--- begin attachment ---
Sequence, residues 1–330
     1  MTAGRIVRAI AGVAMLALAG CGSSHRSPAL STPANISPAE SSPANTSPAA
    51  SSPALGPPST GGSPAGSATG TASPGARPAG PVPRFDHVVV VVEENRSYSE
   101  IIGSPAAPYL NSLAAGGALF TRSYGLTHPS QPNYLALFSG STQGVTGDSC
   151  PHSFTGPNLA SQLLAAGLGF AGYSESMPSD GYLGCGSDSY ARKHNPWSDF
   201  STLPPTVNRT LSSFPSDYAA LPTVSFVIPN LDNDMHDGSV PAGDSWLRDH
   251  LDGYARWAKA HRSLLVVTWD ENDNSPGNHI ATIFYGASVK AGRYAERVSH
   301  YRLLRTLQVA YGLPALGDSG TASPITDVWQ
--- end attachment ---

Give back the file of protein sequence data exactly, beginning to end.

Sequence, residues 1–330
     1  MTAGRIVRAI AGVAMLALAG CGSSHRSPAL STPANISPAE SSPANTSPAA
    51  SSPALGPPST GGSPAGSATG TASPGARPAG PVPRFDHVVV VVEENRSYSE
   101  IIGSPAAPYL NSLAAGGALF TRSYGLTHPS QPNYLALFSG STQGVTGDSC
   151  PHSFTGPNLA SQLLAAGLGF AGYSESMPSD GYLGCGSDSY ARKHNPWSDF
   201  STLPPTVNRT LSSFPSDYAA LPTVSFVIPN LDNDMHDGSV PAGDSWLRDH
   251  LDGYARWAKA HRSLLVVTWD ENDNSPGNHI ATIFYGASVK AGRYAERVSH
   301  YRLLRTLQVA YGLPALGDSG TASPITDVWQ